May temperatures can vary greatly and can range from days of single digit temperatures to days in the high twenties. We experienced both extremes, therefore pack cloths for all eventualities. Mark also confirmed that snow is possible during May.

On a few occasions we flicked ticks off our cloths, including twice whilst in the car. They are rife in Canada, so it's wise to avoid areas of long grass. Wear long pants and shoes where possible and check your rucksacks and equipment, before getting in the car. Fortunately, mosquitos are not really an issue this early in the year.

Species list:

A - Abundant, VC - Very Common, C - Common, O - Occasional, R - Rare (status based on my own personal experience and not being overly familiar with bird call/song):


1, Canada Goose, VC

2, Mute Swan, O

3, Trumpeter Swan, R

4, Wood Duck, O

5, Blue-winged Teal, O

6, Gadwall, O

7, American Wigeon, O

8, Mallard, C

9, Canvasback, O

10, Redhead, O

11, Greater Scaup, O

12, Lesser Scaup, O

13, Red-breasted Merganser, C

14, Wild Turkey, O

15, Mourning Dove, C

16, Rock Dove/Feral Pigeon, C

17, Yellow-billed Cuckoo, O

18, Common Nighthawk, R

19, Chimney Swift, O

20, Ruby-throated Hummingbird, O

21, Sandhill Crane, O

22, Grey Plover, O

23, Semipalmated Plover, O

24, Killdeer, C

25, Ruddy Turnstone, O

26, Dunlin, C

27, Least Sandpiper, C

28, White-rumped Sandpiper, R

29, Semipalmated Sandpiper, O

30, Short-billed Dowitcher, C

31, Spotted Sandpiper, O

32, Greater Yellowlegs, C

33, Lesser Yellowlegs, O

34, Bonaparte's Gull, C

35, Ring-billed Gull, C

36, Herring Gull, C

37, Great Black-backed Gull, R

38, Caspian Tern, R

39, Black Tern, O

40, Common Tern, O

41, Double-crested Cormorant, C

42, Great Blue Heron, O

43, Great White Egret, O

44, Green Heron, R

45, Turkey Vulture, A

46, Osprey, R

47, Sharp-shinned Hawk, R

48, Cooper's Hawk, R

49, Bald Eagle, O

50, Broad-winged Hawk, O, Lifer

51, Red-tailed Hawk, O

52, Red-headed Woodpecker, O, Lifer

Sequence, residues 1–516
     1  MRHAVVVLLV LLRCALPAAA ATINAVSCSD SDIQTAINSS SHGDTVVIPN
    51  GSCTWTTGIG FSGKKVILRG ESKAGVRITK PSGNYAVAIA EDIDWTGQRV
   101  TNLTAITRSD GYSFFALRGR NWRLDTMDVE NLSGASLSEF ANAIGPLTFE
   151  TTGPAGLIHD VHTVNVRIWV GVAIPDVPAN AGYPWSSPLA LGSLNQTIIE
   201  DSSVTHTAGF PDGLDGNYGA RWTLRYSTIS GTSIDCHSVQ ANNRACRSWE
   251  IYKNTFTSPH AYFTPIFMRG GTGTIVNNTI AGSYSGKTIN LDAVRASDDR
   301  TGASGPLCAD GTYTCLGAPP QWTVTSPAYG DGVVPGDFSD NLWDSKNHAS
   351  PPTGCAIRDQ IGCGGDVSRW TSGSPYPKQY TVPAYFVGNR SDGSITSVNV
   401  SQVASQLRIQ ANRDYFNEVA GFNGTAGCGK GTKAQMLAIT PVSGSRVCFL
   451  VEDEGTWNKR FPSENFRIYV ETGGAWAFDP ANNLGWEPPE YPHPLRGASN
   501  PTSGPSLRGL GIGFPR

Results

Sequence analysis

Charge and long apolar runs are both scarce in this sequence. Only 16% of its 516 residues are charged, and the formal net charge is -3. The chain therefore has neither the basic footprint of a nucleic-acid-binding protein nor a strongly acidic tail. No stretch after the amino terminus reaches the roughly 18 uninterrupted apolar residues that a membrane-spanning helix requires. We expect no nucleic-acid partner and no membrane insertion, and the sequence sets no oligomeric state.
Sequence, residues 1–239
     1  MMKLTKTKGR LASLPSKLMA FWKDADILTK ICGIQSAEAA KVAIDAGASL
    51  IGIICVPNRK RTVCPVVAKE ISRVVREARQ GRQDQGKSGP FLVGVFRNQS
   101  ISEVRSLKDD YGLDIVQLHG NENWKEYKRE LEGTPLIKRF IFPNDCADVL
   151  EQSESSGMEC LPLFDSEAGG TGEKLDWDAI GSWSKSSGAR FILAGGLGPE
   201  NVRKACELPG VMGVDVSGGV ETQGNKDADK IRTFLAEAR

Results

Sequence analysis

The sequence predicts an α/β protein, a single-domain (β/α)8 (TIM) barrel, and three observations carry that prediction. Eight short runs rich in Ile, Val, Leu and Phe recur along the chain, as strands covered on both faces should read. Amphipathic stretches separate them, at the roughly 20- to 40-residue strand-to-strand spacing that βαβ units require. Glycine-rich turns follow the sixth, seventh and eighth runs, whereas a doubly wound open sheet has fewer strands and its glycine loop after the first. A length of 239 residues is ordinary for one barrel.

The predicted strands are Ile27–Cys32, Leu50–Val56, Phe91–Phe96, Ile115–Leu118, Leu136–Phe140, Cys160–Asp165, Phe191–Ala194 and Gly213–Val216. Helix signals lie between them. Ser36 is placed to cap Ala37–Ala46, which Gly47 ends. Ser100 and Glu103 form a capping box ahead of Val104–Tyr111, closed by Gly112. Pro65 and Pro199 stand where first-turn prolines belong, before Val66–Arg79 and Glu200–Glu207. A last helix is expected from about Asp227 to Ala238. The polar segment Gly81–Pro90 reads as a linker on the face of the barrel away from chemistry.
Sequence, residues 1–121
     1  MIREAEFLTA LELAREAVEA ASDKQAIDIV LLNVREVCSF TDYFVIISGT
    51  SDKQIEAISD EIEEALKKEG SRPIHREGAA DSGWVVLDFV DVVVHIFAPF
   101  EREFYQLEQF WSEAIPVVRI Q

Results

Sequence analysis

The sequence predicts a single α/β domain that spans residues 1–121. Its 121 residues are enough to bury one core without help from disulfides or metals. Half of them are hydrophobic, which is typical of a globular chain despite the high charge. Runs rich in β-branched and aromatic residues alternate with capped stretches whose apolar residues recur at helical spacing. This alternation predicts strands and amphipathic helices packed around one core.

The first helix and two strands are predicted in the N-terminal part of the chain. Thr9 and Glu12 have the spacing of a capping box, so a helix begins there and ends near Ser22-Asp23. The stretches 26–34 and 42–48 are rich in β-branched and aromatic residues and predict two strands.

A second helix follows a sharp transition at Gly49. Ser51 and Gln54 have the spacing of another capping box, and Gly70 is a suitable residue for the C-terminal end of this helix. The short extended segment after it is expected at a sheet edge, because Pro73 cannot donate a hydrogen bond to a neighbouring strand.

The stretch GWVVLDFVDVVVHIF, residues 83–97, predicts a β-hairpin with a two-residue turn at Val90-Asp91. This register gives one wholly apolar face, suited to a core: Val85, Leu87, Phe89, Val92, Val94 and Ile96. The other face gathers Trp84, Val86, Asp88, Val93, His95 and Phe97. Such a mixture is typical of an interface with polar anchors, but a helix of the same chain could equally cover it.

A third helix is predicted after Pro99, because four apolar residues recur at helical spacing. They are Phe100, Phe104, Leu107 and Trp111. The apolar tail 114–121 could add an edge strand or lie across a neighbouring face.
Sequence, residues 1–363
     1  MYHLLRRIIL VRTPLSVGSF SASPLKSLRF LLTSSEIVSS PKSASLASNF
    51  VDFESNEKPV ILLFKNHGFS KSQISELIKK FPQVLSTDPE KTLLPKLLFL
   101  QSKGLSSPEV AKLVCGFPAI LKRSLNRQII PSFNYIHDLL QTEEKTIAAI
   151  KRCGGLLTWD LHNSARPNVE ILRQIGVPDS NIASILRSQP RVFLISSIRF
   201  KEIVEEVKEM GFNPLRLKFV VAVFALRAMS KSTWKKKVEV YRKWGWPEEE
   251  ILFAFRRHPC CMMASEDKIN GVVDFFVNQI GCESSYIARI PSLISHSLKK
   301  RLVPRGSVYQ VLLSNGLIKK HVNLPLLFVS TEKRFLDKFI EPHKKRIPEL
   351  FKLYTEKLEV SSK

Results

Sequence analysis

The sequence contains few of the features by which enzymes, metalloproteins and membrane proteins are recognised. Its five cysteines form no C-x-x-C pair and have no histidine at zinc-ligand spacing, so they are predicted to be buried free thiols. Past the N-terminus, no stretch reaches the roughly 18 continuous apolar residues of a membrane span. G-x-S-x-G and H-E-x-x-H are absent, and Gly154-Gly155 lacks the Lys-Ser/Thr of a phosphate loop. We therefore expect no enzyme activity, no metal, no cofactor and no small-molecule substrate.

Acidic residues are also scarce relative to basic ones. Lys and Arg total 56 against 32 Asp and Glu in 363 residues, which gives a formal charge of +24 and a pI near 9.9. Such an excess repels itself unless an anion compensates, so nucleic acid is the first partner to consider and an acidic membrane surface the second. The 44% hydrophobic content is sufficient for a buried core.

53, Red-bellied Woodpecker, O

54, Downy Woodpecker, C

55, Pileated Woodpecker, R

56, Northern Flicker, C

57, American Kestrel, R

58, Eastern Wood-Pewee, C

59, Least Flycatcher, C, Lifer

60, Alder/Willow Flycatcher, C, Lifer

61, Yellow-bellied Flycatcher, R, Lifer

62, Eastern Phoebe, R

63, Great Crested Flycatcher, R

64, Eastern Kingbird, C

65, Yellow-throated Vireo, R

66, Blue-headed Vireo, R, Lifer

67, Philadelphia Vireo, C, Lifer

68, Warbling Vireo, C, Lifer

69, Red-eyed Vireo, VC

70, Blue Jay, VC

71, American Crow, O

72, Black-capped Chickadee, O

73, Tufted Titmouse, R, Lifer

74, Tree Swallow, VC, Lifer

75, Sand Martin, C

76, Barn Swallow, VC

77, Cliff Swallow, C

78, Ruby-crowned Kinglet, O, Lifer

79, White-breasted Nuthatch, O, Lifer

80, Blue-grey Gnatcatcher, C, Lifer

81, House Wren, C, Lifer

82, Marsh Wren, R, Lifer

83, Carolina Wren, R, Lifer

84, Common Starling, VC

85, Grey Catbird, VC

86, Brown Thrasher, O

87, Northern Mockingbird, R

88, Veery, C

89, Grey-cheeked Thrush, R

90, Swainson's Thrush, VC

91, Hermit Thrush, R, Lifer

92, Wood Thrush, C

93, American Robin, A

94, Cedar Waxwing, O

95, House Sparrow, VC

96, American Goldfinch, C

97, Chipping Sparrow, C, Lifer

98, Field Sparrow, R, Lifer

99, White-crowned Sparrow, R

100, White-throated Sparrow, R

101, Savannah Sparrow, R, Lifer

102, Song Sparrow, C, Lifer

103, Lincoln's Sparrow, O, Lifer

104, Swamp Sparrow, R, Lifer

105, Eastern Towhee, O

106, Orchard Oriole, C

107, Baltimore Oriole, VC

108, Red-winged Blackbird, A

109, Brown-headed Cowbird, C

110, Common Grackle, VC

111, Ovenbird, O

112, Northern Waterthrush, O

113, Blue-winged Warbler, R

114, Black-and-white Warbler, O

115, Prothonotary Warbler, O

116, Tennessee Warbler, O

117, Nashville Warbler, C

118, Mourning Warbler, O, Lifer

119, Common Yellowthroat, C

120, Hooded Warbler, R

121, American Redstart, C

122, Cape May Warbler, C

123, Cerulean Warbler, R, Lifer

124, Northern Parula, O

125, Magnolia Warbler, C

126, Bay-breasted Warbler, VC, Lifer

127, Blackburnian Warbler, C